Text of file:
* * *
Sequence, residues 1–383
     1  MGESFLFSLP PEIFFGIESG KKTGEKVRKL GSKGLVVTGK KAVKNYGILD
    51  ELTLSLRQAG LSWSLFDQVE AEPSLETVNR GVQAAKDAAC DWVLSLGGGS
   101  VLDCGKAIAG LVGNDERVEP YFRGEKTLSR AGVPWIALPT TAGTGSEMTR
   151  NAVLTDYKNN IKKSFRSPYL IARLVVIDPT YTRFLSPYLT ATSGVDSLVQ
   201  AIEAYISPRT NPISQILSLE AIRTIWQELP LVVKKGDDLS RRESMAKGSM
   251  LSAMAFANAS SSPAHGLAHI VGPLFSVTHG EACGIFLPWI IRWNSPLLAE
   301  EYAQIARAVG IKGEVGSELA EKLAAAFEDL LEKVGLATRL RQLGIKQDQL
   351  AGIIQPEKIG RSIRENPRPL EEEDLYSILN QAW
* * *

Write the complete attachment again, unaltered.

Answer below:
Sequence, residues 1–383
     1  MGESFLFSLP PEIFFGIESG KKTGEKVRKL GSKGLVVTGK KAVKNYGILD
    51  ELTLSLRQAG LSWSLFDQVE AEPSLETVNR GVQAAKDAAC DWVLSLGGGS
   101  VLDCGKAIAG LVGNDERVEP YFRGEKTLSR AGVPWIALPT TAGTGSEMTR
   151  NAVLTDYKNN IKKSFRSPYL IARLVVIDPT YTRFLSPYLT ATSGVDSLVQ
   201  AIEAYISPRT NPISQILSLE AIRTIWQELP LVVKKGDDLS RRESMAKGSM
   251  LSAMAFANAS SSPAHGLAHI VGPLFSVTHG EACGIFLPWI IRWNSPLLAE
   301  EYAQIARAVG IKGEVGSELA EKLAAAFEDL LEKVGLATRL RQLGIKQDQL
   351  AGIIQPEKIG RSIRENPRPL EEEDLYSILN QAW